Studying ability often becomes a factor of prior exposure, time availability, fluid intelligence, mental stability, and a bunch of other random factors that all need to align reasonably well. For a small fraction of the population, these things will align. For any given person, they're not going to align all that well. For some people, they're not going to align well at all, and they may not make it.
What ends up happening is that the person can't truly properly keep up, so they end up surviving instead. And they may succeed in doing just that, but learning will be damaged. Most studying techniques fall short because they do not properly account for this survival mode and are not really the techniques that help someone, well, survive.
Proper learning is not rushed and hyper competitive, but what the average student encounters is.
Taking very dense notes, for instance, can easily backfire if it takes too much time and if it's not truly needed. Knowing what to learn, how to learn it, what not to learn, etc., are all separate skills, and not everyone has them. And it's not something that can easily be summarized because it's more of a skill than a piece of knowledge, and most of it comes down to your personal strengths as well as weaknesses.
There are plenty of successful students who have broken all of these rules and I'm sure we all know a few.
Exactly. Unfortunately, I was way too idealistic during my studies. I was a "real" learner, meaning I had no problems actually explaining concepts to my fellow students. But unlike them (who often couldn't) I didn't focus my energy on "hacking" the GPA. I once witnessed a fellow student getting almost full points on a task for simply writing down a only slightly related exercise he memorized (including numbers not mentioned in the actual task!). I wouldn't have thought of that! Another time I lost points for using my own words to give an answer. I asked the TA how what I wrote was wrong. She said it was actually correct but not noted in the sample solution and thus: no points. Naturally, as a result of things like these my GPA is pretty mediocre now which makes job hunting a pain. :(
We live in hyper-information times where there are multiple options for pretty much everything. This often leads to too-much-choice-paralysis. Learning how to deal with it may be very important skill.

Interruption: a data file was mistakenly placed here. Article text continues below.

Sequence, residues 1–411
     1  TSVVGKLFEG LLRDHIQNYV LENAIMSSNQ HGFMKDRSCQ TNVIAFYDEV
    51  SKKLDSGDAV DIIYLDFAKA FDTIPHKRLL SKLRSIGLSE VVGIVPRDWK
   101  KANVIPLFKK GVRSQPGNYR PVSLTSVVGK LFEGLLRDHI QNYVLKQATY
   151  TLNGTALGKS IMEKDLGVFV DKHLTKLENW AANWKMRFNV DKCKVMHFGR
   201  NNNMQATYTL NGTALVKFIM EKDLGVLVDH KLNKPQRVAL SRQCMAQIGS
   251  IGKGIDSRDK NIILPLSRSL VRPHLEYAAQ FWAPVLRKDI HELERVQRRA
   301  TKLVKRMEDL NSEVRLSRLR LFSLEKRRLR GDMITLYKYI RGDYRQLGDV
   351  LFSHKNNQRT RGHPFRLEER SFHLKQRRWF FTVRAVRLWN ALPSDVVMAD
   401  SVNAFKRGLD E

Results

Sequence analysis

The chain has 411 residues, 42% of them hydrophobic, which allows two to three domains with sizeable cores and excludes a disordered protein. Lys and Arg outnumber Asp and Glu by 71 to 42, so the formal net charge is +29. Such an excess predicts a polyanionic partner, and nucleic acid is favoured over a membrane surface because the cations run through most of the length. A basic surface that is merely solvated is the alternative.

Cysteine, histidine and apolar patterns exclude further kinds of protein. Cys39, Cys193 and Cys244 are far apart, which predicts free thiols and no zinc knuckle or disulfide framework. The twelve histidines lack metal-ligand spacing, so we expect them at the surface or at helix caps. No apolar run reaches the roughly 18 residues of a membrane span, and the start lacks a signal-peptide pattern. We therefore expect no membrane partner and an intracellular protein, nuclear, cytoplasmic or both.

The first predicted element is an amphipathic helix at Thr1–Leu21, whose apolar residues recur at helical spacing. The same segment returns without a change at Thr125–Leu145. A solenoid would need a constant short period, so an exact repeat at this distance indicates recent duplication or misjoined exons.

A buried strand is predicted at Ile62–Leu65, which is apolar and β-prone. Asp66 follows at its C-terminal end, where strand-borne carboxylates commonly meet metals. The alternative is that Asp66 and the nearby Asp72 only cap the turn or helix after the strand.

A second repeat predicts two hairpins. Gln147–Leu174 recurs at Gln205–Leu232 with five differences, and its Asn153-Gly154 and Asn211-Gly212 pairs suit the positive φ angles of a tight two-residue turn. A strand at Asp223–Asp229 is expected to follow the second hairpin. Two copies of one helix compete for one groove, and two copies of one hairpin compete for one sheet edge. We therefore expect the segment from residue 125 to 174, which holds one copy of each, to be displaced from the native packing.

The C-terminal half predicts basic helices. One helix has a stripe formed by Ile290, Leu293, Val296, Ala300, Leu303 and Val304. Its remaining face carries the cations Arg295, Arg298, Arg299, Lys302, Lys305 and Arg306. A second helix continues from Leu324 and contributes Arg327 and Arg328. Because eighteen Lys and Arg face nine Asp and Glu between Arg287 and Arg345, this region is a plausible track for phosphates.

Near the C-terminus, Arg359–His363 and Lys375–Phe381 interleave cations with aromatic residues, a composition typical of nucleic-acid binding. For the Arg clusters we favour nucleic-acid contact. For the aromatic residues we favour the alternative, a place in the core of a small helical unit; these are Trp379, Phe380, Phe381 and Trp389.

For new programmers "simple" things like the choice of programming language, framework, style, whatever - can be overwhelming. It seems to me that often people go for dogmatism as a "tool" of choice for fighting over-information.
Learning how to evaluate things quickly, making a choice without falling into dogmatism hole, being open to other ideas and above all making steady progress are becoming, imho, essential skills.
You are quite correct that students have individual styles- strengths and weaknesses. What works for me won't work for you and vice versa. Moreover, what works for me with math won't work for me with psychology.
But there are things that are more valuable to do than other things simply because of the way brains work. Rewriting notes, for example, is a waste of time. Re-organizing notes, however, is priceless.
This is one professor doing his best to help, and I appreciate that. But there is better information out there.
That's not really how things like this work. Competitive, live-or-die environments will always have a group that will not be able to survive those environments. It's in the definition. If you create an environment which requires a near-perfect alignment of factors, there will be many people who do not have that alignment and those people will be at risk.
> You are quite correct that students have individual styles- strengths and weaknesses.
And some people have more weaknesses than strengths. For those people to survive, they need to have access to something other people do not, which is unlikely.
Professors should stop trying to help, and should instead ask struggling students, as well as students who used to be struggling but stopped, and vice versa. But I've never really seen anyone listen to a struggling student, they're usually just labeled lazy and ignored. Advice on studying coming from people who likely had very little issues with it due to the good alignment of factors is near-useless to people who do not have such an alignment. It's much easier to do your homework every time when you can quickly understand the material due to prior exposure or good fluid intelligence. It's a different story when it takes you 5 hours to solve problem #1 and there are 10 total. Something's gotta give.
Advice on how to study better is not needed. Studying better requires time, a nurturing environment, time, good pedagogy and/or structure, and time. It is known, it's just not done, because it's not the priority. There are techniques, yes, and different approaches, but they themselves require time to figure out, and time can smooth over such problems. When you take away time from people, you must admit the goal is less about teaching people something and more about trying to figure out who to toss aside. And you will notice also that in such an environment, the students can get better at studying all they want, and the filter will just get more stringent and narrow. The problem is the environment. If you ignore the environment, all you will see is better and better coping strategies combined with a mysterious lack of improvement of the overall situation.